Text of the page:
September Is the Time to Eat More Fruits and Veggies | American College for Medical Careers Orlando FL
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September Is the Time to Eat More Fruits and Veggies

September is Fruit and Veggies Month, photo of fruit and veggiesKick-start the good stuff in your diet with these suggestions

When it comes to eating healthier, we tend to think about what we’d have to give up: sweets, snacks, and fatty foods. But a better strategy is looking for ways to add in more vitamin- and fiber-charged foods like fruits and vegetables. And there’s no time like the present—September is Fruits and Veggies: More Matters month, a great time to renew your commitment to taking better care of yourself. We’ve got some suggestions for ways to integrate these tasty foods into your routine.

Start with the basics

How to begin? Start by keeping more fruits and veggies on hand, so you can easily treat yourself—whether you’re at home, at the office during an afternoon slump, or stuck in traffic in your car or the bus. Keep a bowl of fruit on your kitchen table (or another high-traffic area near your kitchen) and you’re more likely to reach for it as you’re passing by or on your way out. When your body cries out for comfort food, have a couple of servings of these colorful and tasty treats in your purse, backpack, or briefcase. An apple is easy to throw in a bag. A Ziploc bag or Tupperware container of grapes can be surprisingly satisfying.

Make it economical

If time or money is an issue, then planning ahead is key.

  • Produce tends to be less expensive when you buy it at larger food markets, so add it to the list for your biggest shopping trip of the week.
  • Worried that you won’t be able to get through the fresh produce before it goes bad? Start out  by buying a handful of portions, and then add on in following weeks until you strike the right balance.
  • Frozen fruits and veggies last longer. You can buy them frozen or freeze them yourself at home, as a way to cut down on spoilage. Perfect for smoothies!
  • Canned fruits and veggies are also a healthy and tasty option, but make sure they’re packaged in water or natural juices (without added sugar or salt).

Keep it simple

Add in fruits and veggies to the dishes you’re already in the habit of making. Toss some frozen peas in a stir fry or rice dish. Add berries and a handful of baby spinach to a smoothie. When you go for that after-dinner snack, have a serving of fruit—maybe with a dollop of vanilla yogurt—before you move on to the processed or sugary stuff. You might be surprised how much it can satisfy your sweet tooth.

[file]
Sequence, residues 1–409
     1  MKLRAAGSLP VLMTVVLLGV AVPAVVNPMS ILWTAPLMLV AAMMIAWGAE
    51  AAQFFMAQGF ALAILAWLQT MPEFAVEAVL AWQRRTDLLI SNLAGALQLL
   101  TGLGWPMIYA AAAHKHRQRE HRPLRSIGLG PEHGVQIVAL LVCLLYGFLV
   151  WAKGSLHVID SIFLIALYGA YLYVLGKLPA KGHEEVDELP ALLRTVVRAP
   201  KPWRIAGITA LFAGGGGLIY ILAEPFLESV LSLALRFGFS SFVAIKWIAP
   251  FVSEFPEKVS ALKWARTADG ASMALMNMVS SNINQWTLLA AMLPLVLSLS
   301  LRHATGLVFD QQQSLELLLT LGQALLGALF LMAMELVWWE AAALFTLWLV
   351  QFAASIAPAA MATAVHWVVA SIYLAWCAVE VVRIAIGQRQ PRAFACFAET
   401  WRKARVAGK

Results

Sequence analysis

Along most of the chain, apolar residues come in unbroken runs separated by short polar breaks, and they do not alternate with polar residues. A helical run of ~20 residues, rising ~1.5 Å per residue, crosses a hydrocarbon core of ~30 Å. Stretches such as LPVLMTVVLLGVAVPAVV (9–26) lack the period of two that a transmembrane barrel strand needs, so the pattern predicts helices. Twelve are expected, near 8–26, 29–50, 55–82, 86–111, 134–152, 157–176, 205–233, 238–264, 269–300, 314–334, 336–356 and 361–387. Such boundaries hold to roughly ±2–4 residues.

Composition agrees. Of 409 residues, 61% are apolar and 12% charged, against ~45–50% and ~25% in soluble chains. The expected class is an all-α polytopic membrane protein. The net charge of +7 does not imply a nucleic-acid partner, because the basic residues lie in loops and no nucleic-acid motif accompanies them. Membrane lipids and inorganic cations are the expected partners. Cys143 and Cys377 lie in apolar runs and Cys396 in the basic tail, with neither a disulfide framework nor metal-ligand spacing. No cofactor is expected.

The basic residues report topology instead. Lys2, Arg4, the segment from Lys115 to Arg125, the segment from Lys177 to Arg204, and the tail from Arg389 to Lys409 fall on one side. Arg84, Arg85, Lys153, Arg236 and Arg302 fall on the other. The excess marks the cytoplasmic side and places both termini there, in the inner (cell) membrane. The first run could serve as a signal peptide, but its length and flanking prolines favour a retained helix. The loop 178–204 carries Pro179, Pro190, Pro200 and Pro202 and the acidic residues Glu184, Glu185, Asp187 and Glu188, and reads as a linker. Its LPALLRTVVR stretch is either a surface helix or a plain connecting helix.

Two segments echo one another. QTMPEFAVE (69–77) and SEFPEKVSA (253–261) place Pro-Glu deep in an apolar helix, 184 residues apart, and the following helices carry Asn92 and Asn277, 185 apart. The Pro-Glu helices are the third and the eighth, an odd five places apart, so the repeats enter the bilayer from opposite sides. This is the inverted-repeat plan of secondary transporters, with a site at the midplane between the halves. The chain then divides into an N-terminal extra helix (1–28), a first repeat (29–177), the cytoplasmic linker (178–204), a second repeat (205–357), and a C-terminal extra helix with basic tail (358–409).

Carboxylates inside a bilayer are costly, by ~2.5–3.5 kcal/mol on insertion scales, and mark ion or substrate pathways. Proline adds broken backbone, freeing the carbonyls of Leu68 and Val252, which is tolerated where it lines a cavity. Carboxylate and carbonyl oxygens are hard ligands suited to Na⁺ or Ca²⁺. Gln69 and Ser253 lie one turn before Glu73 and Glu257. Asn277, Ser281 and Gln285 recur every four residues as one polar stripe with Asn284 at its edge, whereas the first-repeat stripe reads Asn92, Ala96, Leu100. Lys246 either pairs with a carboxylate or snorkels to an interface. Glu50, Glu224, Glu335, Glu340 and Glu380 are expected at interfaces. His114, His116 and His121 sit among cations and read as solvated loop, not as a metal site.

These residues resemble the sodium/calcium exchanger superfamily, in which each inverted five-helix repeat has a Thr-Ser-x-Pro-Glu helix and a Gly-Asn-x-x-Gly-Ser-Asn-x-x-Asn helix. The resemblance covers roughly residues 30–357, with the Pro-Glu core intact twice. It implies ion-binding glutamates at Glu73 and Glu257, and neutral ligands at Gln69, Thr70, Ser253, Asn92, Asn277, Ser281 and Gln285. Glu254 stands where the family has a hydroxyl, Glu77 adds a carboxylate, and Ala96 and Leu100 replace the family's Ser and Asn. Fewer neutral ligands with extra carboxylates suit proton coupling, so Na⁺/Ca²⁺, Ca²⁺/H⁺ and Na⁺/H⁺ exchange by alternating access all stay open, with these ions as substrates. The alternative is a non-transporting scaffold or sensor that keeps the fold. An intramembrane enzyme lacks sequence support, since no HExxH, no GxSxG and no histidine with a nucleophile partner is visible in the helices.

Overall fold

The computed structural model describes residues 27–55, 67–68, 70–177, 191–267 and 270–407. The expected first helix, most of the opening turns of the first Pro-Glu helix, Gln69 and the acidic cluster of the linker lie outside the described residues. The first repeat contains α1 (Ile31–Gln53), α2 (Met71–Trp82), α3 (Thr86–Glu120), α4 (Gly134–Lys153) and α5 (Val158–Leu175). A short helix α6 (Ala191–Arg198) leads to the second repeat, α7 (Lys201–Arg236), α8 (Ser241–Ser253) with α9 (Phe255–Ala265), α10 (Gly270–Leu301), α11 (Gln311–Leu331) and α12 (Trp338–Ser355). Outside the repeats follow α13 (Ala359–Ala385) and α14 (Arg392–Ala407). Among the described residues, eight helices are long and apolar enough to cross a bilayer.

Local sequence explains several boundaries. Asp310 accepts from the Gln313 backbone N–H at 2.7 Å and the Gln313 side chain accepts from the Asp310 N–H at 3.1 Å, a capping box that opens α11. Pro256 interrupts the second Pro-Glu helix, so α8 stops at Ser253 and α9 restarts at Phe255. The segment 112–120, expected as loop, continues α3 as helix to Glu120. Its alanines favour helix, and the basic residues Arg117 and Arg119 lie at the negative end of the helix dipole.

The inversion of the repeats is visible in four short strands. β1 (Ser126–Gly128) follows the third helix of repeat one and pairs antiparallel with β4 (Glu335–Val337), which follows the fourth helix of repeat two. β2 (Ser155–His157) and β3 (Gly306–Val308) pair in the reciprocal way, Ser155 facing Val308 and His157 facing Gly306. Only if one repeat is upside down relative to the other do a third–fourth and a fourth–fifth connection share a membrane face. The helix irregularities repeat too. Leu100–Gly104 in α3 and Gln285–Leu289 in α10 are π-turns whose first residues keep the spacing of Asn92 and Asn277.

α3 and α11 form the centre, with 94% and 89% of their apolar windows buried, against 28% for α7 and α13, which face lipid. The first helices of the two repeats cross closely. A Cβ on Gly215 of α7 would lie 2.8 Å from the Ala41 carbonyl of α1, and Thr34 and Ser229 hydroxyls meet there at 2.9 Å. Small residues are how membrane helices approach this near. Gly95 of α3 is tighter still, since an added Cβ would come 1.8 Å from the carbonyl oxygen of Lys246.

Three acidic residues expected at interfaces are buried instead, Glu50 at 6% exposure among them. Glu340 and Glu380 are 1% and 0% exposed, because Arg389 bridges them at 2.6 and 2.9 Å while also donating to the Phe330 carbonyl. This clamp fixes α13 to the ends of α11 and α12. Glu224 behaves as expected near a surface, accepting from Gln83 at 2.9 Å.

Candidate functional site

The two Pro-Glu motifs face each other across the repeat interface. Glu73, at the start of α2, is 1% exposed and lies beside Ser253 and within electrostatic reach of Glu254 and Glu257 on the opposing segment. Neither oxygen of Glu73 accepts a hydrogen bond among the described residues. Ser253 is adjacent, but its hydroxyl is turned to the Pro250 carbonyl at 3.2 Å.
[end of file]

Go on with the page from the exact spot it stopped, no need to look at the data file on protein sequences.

Go for the (locally grown) rainbow

As you look for fun, tasty ways to introduce more fruit and vegetables into your diet, focus on choices that represent colors from across the rainbow. This is a good way to ensure you’re getting a wide range of vitamins. Also focus on produce that’s in season locally—maybe even support local growers by purchasing from a farmer’s market.

Focus on the benefits

If the good taste and convenience of fruits and veggies aren’t enough to allure you, here are some facts about their health benefits:

  • You may know fruits and vegetables contain a variety of vitamins and minerals, but also phytonutrients, which are thought to decrease inflammation and reduce blood pressure. 
  • They’re low in calories as well as saturated fat.
  • Fruits like apricots, bananas, and avocados (yes, also a fruit!) are rich in potassium, which counteracts the effects of sodium and helps maintain a balance between acids and bases in your system.
  • The fiber in fruits and veggies can help make you feel full, which makes it easier to avoid overeating and promoting weight loss. Ordering a salad to munch on while you wait for your entrée is a great way to squeeze in some fiber and can make portion control more manageable.
  • Some vegetables are even a good source protein, including lima beans, mushrooms, sun-dried tomatoes, kale, and broccoli raab. Working one of these into your diet each week is a great way to help your body to build and repair tissue and build bones, skin, blood, cartilage, and muscle. And these veggies are a gentler protein source, so your body doesn’t have to work as hard to break down as with meat or dairy products.
  • Fruits and veggies are a powerful force in building your body’s immunity from disease, by supporting detoxification and fighting inflammation and infection.

So, do more for your body by adding fruits and vegetables into your daily cuisine! You’re likely to feel better and be more hydrated—always good things, given the demanding lives we all lead.

This article is part of the weekly blog of the American College for Medical Careers in Orlando, FL. For more about all of our various professional training programs, visit us online.